Sunday, March 26, 2006

full moon, empty heart

One my coworkers (and friends) lent me some cds that I had left behind in NOLA which were much beloved in my early to mid teens and periodically left alone. When I finally realized they were gone w/ everything else that didn't survive Katrina, I noticed these albums were not in the first wave of items for which I felt immediate pangs of loss. But oddly enough on another listen, I'm realizing I love these two albums (Belly: "Star" and Velocity Girl: "Simpatico!") as much as anything else, but the reason they didn't register earlier is a complex thing.

I guess there's a part of all of us that wishes we could leave things in the past. Mixed feelings, awkward moments, learning how to carry oneself as an adult, navigating the murky waters of making decisions, and there's a whole side of yourself that you've seemed to forgotten anyway like what it's like to have never lived anyplace but home. That was what my house in NOLA was for me. It's hard to imagine what it was like when Athis Street was all I knew of home. I've lived in so many places since moving away for college at 18. I know others have to deal with this a lot earlier, but I enjoyed my childhood with one permanent address, which was still what I used up until August 29th.

Listening to these albums take me back immediately to the best parts of being a teenager, going to an all-girls school, being incredibly free of the fumblings of adolescence. I got to explore books, travel, music, dance, volunteering without any peer pressure to be cool because I just didn't even try. The all-girls school kept me from any teen relationships (of course, I had my unrequited crushes, but that's something else entirely) and being so short and young-looking, there was no way I could join my classmates with fake IDs on the local bar circuit even I wanted to. Which I didn't.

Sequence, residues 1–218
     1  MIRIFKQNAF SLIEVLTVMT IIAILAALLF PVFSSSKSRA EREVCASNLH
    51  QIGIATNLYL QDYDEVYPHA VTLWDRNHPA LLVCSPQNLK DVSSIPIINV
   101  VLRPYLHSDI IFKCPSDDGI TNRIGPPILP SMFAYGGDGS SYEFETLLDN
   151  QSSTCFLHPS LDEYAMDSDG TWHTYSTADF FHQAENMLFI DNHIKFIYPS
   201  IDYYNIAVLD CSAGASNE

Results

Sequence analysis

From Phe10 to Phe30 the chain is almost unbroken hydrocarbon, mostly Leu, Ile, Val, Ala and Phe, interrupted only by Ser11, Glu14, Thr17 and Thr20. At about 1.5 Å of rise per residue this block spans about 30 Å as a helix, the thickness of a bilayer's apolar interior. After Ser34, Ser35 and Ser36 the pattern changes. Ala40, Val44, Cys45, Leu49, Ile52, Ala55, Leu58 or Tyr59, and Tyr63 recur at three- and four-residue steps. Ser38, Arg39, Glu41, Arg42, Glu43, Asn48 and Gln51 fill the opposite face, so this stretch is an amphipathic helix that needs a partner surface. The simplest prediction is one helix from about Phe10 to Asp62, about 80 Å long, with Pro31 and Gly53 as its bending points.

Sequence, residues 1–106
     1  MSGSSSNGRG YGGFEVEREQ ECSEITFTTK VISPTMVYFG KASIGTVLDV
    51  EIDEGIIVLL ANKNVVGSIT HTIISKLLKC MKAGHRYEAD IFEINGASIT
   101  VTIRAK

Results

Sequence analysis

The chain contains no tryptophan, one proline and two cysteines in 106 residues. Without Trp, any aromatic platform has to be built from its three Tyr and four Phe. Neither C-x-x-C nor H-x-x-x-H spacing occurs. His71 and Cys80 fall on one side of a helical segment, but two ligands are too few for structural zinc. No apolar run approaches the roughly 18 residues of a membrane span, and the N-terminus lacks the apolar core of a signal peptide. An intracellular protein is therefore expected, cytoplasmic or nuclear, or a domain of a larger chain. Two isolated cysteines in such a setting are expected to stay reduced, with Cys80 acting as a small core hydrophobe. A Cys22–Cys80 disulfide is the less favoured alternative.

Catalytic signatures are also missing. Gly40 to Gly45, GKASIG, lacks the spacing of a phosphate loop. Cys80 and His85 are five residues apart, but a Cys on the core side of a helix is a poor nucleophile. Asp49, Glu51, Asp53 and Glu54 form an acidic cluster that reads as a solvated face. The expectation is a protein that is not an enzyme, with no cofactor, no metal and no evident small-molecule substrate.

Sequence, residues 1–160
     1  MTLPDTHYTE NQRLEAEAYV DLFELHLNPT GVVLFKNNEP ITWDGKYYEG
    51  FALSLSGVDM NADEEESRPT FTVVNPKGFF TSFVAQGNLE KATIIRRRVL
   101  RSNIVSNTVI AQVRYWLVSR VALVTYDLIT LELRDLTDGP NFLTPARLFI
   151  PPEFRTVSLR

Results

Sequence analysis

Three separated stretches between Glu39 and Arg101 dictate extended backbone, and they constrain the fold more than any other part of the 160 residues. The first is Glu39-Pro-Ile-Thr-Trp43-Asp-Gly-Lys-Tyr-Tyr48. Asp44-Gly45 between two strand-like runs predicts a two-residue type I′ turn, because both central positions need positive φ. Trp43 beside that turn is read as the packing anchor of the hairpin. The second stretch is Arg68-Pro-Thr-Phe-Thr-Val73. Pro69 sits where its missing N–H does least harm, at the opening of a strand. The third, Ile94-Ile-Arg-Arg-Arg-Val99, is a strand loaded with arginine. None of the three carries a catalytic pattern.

Instead I looked elsewhere for pockets of belonging. One place I found it was in the sheer joy of music that was my own - which was what indie rock was to me. It was the music my brother and I enjoyed. It was the music I shared with my friends from academic summer programs and which was something entirely separate from my conservative high school's taste in music. This music was my secret place.

When I went to college, I didn't really need this music anymore. I was submerged in complete sensory overload on all levels. Friends who were more like me, and less like sisters. Books, writing, access to cities like DC, Baltimore, Philadelphia, Bostona and NYC. Romance outside the realm of imagination and novels. There was no longer a need for music that held this intense place in my life... and listening to the music without feeling that solitary position was impossible. There was no way to separate the associations from the music.

But going back now, over ten years later, it feels good to go back and smile at the young person I was. I cringe a lot less that I used to when looking back. I'm happy I was fairly naive in a lot of stereotypical ways. I saw enough to shock me into adulthood as any NOLA native can tell you (nothing like growing up with the highest murder rate in the country and having gone to a dozen funerals before turning ten and probably a dozen alone between the ages of 15-17). The pleasure of music as belonging is something incredibly endearing to me.

Now if I could only get my hands on some Bangles albums.


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